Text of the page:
Alan’s other current research includes a study pertaining to Congress’s public engagement requirement for nanotechnology research and development (why and which forms, features, contexts of public engagements are meaningful to participants and produce information and insights useful to scientists and policymakers); a project examining resilience and adaptive management related to water resources; and a project development of Geographic Information System (GIS) applications for law enforcement use.
Alan holds a J.D. and Ph.D. from Washington University and a B.A. from Boston University. He is a member of policy and psychology professional societies and is a fellow of two divisions of the American Psychological Association (Psychology-Law and Psychology Study of Social Issues). He also serves as co-editor of Court Review, the journal of the American Judges’ Association. He formerly served as editor of Behavioral Sciences & the Law, an international academic journal that publishes studies and analyses of the social science-and-law intersections.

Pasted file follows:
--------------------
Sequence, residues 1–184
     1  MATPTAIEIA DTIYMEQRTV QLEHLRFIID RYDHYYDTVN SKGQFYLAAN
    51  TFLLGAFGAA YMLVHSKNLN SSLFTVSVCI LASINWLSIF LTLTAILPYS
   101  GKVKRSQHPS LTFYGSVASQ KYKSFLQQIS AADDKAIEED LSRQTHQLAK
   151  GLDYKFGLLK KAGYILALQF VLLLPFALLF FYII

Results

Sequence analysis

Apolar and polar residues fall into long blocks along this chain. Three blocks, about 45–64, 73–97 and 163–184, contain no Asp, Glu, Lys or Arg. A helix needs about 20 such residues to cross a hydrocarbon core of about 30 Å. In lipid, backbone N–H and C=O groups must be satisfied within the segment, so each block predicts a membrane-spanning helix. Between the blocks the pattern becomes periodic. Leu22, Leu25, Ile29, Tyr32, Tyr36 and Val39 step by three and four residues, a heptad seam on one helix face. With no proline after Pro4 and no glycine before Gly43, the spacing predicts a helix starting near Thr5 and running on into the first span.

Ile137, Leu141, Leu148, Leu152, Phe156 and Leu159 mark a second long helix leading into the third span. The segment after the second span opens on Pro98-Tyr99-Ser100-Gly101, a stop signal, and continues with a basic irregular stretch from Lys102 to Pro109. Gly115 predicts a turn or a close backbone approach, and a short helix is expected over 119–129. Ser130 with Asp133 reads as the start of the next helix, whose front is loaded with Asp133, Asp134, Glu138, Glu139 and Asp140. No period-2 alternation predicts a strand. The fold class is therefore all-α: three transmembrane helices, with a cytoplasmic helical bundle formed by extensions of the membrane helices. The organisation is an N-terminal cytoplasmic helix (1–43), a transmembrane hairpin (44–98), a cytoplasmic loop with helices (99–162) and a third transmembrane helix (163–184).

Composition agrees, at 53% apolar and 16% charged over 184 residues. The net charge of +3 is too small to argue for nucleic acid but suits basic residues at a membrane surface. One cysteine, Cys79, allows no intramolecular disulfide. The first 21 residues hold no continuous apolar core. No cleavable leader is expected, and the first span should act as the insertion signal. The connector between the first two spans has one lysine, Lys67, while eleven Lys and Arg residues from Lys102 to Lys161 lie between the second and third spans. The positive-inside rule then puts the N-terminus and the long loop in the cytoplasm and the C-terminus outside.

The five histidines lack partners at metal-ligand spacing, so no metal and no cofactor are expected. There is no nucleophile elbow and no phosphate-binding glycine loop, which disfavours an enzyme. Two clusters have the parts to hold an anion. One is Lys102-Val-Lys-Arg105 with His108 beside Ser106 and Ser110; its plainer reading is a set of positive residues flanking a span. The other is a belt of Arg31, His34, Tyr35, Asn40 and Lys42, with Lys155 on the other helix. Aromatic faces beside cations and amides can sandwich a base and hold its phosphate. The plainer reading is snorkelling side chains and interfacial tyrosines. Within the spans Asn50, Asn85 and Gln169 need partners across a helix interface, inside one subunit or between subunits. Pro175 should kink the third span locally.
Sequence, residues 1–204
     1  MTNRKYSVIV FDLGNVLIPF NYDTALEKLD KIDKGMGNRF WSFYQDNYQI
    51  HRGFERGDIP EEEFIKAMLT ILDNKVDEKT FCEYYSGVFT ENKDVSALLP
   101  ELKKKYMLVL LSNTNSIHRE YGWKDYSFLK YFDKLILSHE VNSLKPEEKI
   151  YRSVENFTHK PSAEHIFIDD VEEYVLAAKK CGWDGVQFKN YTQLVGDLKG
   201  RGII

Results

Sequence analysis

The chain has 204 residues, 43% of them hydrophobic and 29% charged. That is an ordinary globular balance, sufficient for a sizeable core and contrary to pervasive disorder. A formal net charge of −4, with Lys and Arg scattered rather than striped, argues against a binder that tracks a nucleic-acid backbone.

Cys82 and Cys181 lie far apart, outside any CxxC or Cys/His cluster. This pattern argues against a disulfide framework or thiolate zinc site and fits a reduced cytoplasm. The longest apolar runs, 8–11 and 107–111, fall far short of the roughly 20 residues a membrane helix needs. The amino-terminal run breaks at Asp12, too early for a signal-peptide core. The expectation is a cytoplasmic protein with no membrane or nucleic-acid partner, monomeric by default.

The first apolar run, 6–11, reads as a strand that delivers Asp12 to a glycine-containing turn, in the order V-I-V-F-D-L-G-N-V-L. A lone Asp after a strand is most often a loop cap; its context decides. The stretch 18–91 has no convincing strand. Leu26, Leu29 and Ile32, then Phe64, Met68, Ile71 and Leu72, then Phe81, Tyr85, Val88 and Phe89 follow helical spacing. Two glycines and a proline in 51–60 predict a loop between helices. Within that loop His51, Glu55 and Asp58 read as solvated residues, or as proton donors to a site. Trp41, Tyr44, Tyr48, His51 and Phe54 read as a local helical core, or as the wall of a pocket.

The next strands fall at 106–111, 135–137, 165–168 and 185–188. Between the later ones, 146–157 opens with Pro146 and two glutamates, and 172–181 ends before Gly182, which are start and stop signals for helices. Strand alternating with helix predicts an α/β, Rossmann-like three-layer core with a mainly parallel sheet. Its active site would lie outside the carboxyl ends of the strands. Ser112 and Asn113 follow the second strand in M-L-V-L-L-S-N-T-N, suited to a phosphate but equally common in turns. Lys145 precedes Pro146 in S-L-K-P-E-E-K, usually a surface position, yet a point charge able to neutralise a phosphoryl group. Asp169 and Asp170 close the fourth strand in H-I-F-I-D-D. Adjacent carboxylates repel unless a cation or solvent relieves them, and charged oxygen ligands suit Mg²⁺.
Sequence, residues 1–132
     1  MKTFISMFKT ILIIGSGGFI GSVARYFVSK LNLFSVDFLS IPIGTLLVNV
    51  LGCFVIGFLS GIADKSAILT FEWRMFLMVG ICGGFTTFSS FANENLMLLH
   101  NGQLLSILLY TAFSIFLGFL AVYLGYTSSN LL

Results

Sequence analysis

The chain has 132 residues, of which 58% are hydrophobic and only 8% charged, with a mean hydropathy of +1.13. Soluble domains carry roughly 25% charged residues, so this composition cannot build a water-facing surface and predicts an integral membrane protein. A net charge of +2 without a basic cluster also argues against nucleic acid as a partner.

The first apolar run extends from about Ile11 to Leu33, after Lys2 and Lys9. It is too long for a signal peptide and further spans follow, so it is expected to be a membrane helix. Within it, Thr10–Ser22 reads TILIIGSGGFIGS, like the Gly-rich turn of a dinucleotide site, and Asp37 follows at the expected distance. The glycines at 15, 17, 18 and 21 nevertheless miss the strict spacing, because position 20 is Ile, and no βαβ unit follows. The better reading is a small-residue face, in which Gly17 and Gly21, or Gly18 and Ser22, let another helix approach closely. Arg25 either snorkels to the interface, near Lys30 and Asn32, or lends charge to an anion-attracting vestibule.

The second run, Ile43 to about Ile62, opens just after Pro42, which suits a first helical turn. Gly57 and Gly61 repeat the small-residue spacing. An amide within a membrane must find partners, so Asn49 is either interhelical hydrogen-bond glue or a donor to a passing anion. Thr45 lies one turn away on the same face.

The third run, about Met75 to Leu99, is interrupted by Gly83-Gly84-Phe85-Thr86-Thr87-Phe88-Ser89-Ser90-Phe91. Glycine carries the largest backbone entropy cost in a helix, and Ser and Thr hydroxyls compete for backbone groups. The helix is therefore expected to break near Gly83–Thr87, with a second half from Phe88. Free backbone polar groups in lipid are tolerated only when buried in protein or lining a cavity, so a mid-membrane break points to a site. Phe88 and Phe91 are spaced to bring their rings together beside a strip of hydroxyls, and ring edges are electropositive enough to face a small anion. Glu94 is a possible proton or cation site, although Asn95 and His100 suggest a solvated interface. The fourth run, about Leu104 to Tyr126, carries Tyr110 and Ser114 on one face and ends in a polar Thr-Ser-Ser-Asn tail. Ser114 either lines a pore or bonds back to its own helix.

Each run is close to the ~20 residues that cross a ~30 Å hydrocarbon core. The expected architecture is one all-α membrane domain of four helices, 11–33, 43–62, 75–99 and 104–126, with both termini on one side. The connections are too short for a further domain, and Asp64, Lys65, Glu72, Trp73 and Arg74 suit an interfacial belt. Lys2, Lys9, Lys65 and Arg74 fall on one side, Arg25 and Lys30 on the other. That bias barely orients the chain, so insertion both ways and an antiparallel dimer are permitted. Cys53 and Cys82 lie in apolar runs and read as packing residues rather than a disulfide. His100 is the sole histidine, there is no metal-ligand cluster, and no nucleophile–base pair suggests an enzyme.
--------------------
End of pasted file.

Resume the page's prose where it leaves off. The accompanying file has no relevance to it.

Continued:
University of Nebraska
Prof. Dr. Ashok K. Vaseashta, our 65th Fellow, comes to us from Norwich University Applied Research Institutes, where he serves as Director of the Institute for Advanced Sciences Convergence and the International Clean Water Institute. Dr. Vaseashta will serve in the Bureau of Arms Control Verification and Compliance, Office of Verification and Transparency Technologies (AVC/VTT) where he will evaluate arms control requirements for treaties, both present and future.
Dr. Vaseashta previously served as a Foster Fellow to the Bureau of International Security and Nonproliferation, working with the Office of Weapons of Mass Destruction and with the Terrorism and Foreign Consequence Management Program. He has also been a professor of physics at Marshall University’s Graduate Program in Physical Sciences, where he was the Director of the Nanomaterials Processing & Characterization Laboratories. He holds a visiting professorship at the 3 Nano-SAE Research Centre, University of Bucharest, Romania and is visiting scientist at the Helen and Martin Kimmel Center of Nanoscale Science at the Weizmann Institute of Science, Israel.